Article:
South Korean athletes stood in shocked silence on Thursday as the Asian Games mourned veteran eventer Kim Hyun-chil's tragic death.
On a day when the rains poured down on the Qatari capital, Kim suffered fatal skull fractures after being crushed by his mount Bundaberg Black in a fall at Doha's Racing and Equestrian Club.
Medics were quickly on the scene but could not revive the 47-year-old. He was pronounced dead at 10:50 a.m. (0750 GMT) at a local hospital.
Reaction within Korea's sporting community was one of profound sadness and disbelief.
Chung Hyun-sook, Korea's chef-de-mission, looked to have the weight of the world on her shoulders as she conveyed her feelings at a news conference.
"I'm in charge of making sure all the athletes get back home safely. I feel like I am totally responsible for this tragic event," she said.
"My heart is broken."
Venues across Doha held a minute's silence in memory of Kim, who had ridden the same horse to a proud silver on home soil at the 2002 Asian Games in Pusan.
Kim's former team mates were equally distraught.
"I feel empty, numb inside. Really shocking," said snooker player Park Seung-chil when Reuters broke the news to him.
"After my game I'll have to go back to the athletes village to see what happened."
Table tennis player Ryu Seung-min summed up the mood of the camp.
"All the Korean team are a little bit low, everyone's faces are downcast. There's been some tears."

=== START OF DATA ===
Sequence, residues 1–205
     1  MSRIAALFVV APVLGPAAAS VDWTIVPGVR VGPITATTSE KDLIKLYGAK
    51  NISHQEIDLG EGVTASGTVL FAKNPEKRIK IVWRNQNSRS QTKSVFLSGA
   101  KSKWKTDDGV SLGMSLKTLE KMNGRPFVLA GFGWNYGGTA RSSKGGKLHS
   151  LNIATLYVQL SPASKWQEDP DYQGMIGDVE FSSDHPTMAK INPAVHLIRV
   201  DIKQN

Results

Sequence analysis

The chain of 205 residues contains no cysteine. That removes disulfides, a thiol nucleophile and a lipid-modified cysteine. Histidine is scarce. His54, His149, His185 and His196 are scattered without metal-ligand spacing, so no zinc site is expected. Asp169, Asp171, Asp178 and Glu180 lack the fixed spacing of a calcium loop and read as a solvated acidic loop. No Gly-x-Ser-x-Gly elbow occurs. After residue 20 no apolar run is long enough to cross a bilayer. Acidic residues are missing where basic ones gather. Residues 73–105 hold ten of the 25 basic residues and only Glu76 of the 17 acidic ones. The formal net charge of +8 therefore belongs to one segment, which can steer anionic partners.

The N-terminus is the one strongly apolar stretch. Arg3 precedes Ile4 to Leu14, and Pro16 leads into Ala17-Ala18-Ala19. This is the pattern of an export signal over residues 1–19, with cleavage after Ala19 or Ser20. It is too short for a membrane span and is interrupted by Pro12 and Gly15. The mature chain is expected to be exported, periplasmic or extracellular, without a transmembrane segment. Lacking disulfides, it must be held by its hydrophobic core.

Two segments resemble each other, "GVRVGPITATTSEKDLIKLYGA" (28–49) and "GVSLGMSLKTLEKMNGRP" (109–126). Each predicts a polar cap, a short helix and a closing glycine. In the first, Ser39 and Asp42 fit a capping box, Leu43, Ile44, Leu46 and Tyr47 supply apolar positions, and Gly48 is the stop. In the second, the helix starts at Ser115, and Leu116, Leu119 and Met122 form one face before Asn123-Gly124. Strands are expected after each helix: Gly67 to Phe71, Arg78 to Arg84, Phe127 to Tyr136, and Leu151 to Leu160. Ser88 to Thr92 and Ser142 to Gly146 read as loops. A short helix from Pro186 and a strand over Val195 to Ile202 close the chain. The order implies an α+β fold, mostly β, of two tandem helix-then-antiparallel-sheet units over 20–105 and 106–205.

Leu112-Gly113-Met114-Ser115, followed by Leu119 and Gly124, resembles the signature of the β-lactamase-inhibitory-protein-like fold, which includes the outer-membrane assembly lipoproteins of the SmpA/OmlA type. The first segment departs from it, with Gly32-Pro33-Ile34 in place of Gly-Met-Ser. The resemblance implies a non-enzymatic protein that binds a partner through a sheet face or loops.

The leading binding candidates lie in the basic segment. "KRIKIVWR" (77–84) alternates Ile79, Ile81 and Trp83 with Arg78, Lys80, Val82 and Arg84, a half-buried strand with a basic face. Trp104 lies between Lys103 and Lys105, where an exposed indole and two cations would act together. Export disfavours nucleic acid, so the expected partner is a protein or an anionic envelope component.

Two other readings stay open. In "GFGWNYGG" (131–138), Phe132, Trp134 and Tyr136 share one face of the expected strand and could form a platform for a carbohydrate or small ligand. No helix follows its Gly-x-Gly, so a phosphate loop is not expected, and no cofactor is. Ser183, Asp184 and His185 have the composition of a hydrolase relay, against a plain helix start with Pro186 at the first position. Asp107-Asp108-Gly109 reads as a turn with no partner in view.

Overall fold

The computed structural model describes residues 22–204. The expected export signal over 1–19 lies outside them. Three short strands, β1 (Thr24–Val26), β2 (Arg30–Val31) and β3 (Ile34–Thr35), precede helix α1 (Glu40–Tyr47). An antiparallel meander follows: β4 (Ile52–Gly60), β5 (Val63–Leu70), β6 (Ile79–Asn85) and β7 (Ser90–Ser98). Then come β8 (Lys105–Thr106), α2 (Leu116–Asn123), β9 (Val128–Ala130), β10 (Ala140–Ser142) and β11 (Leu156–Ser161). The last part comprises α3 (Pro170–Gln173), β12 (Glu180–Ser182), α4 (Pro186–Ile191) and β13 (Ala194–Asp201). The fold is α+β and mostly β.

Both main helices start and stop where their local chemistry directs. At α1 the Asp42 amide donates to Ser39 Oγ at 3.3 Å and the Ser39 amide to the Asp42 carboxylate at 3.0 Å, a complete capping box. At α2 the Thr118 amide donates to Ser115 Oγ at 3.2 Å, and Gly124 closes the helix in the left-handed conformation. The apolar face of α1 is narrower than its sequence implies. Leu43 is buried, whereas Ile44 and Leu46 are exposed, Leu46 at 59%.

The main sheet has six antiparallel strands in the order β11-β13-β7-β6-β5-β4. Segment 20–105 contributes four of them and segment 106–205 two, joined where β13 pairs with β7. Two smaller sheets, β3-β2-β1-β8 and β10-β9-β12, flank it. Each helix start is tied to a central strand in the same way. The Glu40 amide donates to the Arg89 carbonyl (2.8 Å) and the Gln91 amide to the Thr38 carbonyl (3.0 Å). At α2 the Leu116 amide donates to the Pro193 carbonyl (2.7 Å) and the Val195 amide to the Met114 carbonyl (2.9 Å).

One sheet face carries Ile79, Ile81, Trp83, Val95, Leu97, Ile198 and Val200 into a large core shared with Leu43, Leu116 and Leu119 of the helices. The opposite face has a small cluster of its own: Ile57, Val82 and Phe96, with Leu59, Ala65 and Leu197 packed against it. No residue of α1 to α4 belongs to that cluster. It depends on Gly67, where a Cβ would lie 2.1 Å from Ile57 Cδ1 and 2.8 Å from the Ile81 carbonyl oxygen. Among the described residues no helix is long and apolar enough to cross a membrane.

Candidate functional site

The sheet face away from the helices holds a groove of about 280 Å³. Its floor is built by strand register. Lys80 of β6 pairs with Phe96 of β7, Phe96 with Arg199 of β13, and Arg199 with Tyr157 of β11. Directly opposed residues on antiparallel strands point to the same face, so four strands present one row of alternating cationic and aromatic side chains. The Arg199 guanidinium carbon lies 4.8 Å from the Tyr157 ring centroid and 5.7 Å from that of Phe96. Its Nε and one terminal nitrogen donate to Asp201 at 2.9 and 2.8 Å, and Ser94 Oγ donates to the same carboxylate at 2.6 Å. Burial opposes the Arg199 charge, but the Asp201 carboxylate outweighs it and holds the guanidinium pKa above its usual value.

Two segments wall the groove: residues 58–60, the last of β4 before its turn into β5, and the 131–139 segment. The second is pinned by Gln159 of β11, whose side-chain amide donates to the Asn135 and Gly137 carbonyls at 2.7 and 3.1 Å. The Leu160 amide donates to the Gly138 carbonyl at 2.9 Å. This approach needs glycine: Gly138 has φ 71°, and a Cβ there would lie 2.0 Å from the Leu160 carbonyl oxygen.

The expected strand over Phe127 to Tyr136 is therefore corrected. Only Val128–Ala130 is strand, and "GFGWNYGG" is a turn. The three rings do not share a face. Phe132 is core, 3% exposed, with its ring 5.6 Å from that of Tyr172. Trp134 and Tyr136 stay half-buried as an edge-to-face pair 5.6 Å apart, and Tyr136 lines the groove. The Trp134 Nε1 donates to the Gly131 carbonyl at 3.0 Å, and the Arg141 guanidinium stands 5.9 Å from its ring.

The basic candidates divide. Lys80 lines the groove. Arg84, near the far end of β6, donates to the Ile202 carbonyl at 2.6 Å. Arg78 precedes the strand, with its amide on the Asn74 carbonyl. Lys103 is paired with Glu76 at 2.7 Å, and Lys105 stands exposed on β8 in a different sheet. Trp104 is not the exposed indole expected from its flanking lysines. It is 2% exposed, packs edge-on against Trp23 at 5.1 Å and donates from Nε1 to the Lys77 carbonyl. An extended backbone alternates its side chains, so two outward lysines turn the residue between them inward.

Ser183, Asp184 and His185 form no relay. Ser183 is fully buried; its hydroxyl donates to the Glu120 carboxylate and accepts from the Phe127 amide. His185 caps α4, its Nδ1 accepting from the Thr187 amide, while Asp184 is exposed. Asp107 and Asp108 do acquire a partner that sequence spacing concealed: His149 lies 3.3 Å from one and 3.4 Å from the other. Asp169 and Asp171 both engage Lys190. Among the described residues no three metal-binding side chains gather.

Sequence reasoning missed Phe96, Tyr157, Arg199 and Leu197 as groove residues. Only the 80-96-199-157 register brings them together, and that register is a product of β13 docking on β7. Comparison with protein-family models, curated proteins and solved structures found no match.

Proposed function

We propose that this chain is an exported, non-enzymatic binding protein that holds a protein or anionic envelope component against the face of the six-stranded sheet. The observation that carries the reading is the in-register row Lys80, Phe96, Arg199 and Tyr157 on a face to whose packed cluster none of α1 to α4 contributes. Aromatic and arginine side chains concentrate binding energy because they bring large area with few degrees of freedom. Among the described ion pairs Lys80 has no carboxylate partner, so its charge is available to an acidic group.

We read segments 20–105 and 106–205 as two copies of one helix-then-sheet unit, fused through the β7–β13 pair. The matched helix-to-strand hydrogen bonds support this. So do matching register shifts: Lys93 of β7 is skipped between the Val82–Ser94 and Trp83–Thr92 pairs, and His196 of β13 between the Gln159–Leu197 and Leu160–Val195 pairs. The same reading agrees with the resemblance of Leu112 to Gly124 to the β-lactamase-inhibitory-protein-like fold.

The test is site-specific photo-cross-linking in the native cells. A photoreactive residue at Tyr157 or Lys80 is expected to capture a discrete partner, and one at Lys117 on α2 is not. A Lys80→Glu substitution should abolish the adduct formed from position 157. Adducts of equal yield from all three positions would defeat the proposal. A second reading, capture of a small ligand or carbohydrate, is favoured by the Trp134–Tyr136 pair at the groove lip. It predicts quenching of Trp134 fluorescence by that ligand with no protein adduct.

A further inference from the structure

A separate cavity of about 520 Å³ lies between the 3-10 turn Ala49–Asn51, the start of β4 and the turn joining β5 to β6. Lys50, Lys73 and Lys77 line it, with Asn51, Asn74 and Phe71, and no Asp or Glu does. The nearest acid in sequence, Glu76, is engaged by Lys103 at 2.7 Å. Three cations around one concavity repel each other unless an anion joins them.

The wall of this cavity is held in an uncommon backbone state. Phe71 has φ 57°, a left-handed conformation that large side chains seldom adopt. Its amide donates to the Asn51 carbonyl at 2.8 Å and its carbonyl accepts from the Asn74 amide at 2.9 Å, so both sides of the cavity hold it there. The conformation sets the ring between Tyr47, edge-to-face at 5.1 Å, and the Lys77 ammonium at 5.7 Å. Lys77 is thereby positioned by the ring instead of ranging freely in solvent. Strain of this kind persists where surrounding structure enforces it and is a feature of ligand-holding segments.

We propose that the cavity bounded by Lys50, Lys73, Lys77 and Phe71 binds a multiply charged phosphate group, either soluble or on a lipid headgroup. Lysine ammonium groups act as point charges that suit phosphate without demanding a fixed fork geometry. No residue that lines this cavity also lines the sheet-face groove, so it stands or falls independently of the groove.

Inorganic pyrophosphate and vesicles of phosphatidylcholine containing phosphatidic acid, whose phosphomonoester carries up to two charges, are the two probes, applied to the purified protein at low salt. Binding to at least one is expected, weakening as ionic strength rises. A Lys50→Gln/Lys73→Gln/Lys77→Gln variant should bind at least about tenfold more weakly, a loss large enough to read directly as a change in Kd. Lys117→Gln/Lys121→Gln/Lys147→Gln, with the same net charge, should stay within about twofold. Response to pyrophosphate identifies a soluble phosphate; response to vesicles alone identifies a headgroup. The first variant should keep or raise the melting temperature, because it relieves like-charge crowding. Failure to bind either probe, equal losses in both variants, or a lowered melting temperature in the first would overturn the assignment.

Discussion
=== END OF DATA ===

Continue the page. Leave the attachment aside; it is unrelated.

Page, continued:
South Korea's Yonhap News reported Kim had called his wife just a few days ago to say he would do his best to win gold and make his seven-year-old son and 13-year-old daughter proud.
Representatives of his family are due in Doha on Friday to discuss funeral arrangements.
Kim Jung-kil, Korea's Olympic Committee (KOC) president, said the Seoul government had agreed Kim should be buried in the National Cemetery. He would also posthumously receive the country's sporting medal.
"Korea's athletes and team, despite the accident, will be doing their best in the other events so that they can live up to the expectations of all Koreans," said the KOC chief.
"Kim Hyun-chil would have wanted this."
The KOC president also vowed to find out whether the atrocious weather or any mismanagement of the competition had played a part in the accident.
"We thought that the (equestrian) schedule was rather tight and that led to fatigue among the horses," he said.
"Due to the rain, the horse mistimed his jump and slipped."